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This article is currently in the process of being translated into Czech (~24% done).

WPF aplikace:

Práce s App.xaml

App.xaml is the declarative starting point of your application. Visual Studio will automatically create it for you when you start a new WPF application, including a Code-behind file called App.xaml.cs. They work much like for a Window, where the two files are partial classes, working together to allow you to work in both markup (XAML) and Code-behind.

App.xaml.cs extends the Application class, which is a central class in a WPF Windows application. .NET will go to this class for starting instructions and then start the desired Window or Page from there. This is also the place to subscribe to important application events, like application start, unhandled exceptions and so on. More about that later.

One of the most commonly used features of the App.xaml file is to define global resources that may be used and accessed from all over an application, for instance global styles. This will be discussed in detail later on.

App.xaml structure

Když vytvoříte novou aplikaci bude vám automaticky vygenerovaná App.xaml která bude vypadat nějak takto:

<Application x:Class="WpfTutorialSamples.App"
             xmlns="http://schemas.microsoft.com/winfx/2006/xaml/presentation"
             xmlns:x="http://schemas.microsoft.com/winfx/2006/xaml"
             StartupUri="MainWindow.xaml">
    <Application.Resources>

    </Application.Resources>
</Application>

Hlavní věc, kterou si všimnete, je vlastnost StartupUri. To je vlastně část, která udává, které okno nebo stránka se spustí při spuštění aplikace. V takovém případě bude spuštěn program MainWindow.xaml, ale pokud chcete jako výchozí místo použít jiné okno, můžete to jednoduše změnit.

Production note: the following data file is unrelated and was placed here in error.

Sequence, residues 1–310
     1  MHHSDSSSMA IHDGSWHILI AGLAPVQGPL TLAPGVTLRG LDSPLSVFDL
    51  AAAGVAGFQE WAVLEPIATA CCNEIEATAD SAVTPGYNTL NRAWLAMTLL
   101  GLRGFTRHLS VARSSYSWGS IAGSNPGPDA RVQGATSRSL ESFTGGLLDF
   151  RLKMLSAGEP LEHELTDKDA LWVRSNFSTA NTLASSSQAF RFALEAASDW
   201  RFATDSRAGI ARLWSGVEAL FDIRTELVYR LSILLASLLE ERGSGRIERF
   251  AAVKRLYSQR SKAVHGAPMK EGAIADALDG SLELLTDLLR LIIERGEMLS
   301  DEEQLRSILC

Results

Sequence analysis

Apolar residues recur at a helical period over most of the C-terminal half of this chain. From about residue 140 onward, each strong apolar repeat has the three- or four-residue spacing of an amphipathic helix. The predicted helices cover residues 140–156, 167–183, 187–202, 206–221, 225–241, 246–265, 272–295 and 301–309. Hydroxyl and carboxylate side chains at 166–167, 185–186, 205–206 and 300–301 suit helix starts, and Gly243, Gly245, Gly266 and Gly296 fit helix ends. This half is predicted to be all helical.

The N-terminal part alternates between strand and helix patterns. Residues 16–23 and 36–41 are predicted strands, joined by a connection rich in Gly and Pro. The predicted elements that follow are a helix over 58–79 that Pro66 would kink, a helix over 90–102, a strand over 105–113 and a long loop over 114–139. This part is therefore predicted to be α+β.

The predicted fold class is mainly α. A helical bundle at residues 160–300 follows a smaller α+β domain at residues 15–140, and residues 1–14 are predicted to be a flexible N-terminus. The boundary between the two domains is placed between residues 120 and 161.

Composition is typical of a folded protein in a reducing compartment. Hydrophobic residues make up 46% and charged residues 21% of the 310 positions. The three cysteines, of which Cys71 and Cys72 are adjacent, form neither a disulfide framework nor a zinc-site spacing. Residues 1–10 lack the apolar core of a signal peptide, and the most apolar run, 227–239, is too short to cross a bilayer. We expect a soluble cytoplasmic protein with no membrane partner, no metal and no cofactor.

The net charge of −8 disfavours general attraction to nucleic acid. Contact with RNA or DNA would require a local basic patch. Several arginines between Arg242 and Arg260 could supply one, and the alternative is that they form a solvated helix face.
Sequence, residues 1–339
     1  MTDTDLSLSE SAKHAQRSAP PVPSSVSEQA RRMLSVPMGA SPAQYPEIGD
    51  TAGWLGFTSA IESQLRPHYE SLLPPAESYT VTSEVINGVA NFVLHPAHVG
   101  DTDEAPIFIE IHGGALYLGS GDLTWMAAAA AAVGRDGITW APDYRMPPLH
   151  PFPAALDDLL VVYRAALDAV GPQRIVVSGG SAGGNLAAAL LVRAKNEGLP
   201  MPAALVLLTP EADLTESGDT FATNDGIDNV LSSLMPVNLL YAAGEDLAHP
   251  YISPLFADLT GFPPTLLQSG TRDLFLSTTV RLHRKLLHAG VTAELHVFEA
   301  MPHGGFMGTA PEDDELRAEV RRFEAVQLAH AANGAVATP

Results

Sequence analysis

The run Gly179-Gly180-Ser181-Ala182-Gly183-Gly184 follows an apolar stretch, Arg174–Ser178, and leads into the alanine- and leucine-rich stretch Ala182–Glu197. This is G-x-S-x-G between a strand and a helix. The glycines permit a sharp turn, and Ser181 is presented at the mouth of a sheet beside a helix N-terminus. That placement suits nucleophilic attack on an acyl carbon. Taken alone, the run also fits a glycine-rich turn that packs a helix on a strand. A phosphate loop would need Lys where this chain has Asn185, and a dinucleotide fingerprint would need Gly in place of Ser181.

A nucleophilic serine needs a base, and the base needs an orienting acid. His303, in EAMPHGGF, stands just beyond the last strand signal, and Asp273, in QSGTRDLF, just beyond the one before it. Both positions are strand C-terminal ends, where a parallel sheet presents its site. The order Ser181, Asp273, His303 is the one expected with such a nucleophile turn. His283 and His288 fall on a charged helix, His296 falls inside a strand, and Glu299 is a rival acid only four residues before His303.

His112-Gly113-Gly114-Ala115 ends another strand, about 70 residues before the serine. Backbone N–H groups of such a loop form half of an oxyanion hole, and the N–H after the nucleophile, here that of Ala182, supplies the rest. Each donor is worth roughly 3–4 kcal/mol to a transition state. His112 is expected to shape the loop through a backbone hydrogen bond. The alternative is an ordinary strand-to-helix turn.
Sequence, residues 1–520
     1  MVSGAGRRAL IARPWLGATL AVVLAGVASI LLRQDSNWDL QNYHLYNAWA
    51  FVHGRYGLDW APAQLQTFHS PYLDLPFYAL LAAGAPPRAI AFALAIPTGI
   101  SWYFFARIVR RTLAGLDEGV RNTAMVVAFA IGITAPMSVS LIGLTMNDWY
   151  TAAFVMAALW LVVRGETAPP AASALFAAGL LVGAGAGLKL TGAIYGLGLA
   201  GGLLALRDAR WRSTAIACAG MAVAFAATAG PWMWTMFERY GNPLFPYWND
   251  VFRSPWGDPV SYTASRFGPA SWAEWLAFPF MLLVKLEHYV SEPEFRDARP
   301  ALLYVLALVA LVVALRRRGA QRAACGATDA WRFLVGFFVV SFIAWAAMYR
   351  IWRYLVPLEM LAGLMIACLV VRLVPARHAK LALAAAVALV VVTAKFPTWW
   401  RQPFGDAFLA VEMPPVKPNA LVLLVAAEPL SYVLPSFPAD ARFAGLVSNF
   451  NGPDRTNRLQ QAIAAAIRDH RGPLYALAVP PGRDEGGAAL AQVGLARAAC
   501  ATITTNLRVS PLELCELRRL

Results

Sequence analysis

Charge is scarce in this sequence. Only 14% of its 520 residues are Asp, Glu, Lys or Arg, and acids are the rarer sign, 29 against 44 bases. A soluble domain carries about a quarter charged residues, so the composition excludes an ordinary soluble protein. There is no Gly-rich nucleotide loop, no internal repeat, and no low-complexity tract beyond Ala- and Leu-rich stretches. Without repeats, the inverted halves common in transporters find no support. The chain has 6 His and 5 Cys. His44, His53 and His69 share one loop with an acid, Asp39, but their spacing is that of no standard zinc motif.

V některých situacích chcete mít větší kontrolu nad tím, jak a kdy se zobrazí první okno. V takovém případě můžete odebrat vlastnost a hodnotu StartupUri a pak to vše provést z příkazu Code-Behind. To bude demonstrováno níže.

App.xaml.cs structure

The matching App.xaml.cs will usually look like this for a new project:

using System;
using System.Collections.Generic;
using System.Windows;

namespace WpfTutorialSamples
{
	public partial class App : Application
	{

	}
}

You will see how this class extends the Application class, allowing us to do stuff on the application level. For instance, you can subscribe to the Startup event, where you can manually create your starting window.

Zde je příklad:

<Application x:Class="WpfTutorialSamples.App"
             xmlns="http://schemas.microsoft.com/winfx/2006/xaml/presentation"
             xmlns:x="http://schemas.microsoft.com/winfx/2006/xaml"
			 Startup="Application_Startup">
    <Application.Resources></Application.Resources>
</Application>

Notice how the StartupUri has been replaced with a subscription to the Startup event (subscribing to events through XAML is explained in another chapter). In Code-Behind, you can use the event like this:

using System;
using System.Collections.Generic;
using System.Windows;

namespace WpfTutorialSamples
{
	public partial class App : Application
	{

		private void Application_Startup(object sender, StartupEventArgs e)
		{
			// Create the startup window
			MainWindow wnd = new MainWindow();
			// Do stuff here, e.g. to the window
			wnd.Title = "Something else";
			// Show the window
			wnd.Show();
		}
	}
}

The cool thing in this example, compared to just using the StartupUri property, is that we get to manipulate the startup window before showing it. In this, we change the title of it, which is not terribly useful, but you could also subscribe to events or perhaps show a splash screen. When you have all the control, there are many possibilities. We will look deeper into several of them in the next articles of this tutorial.

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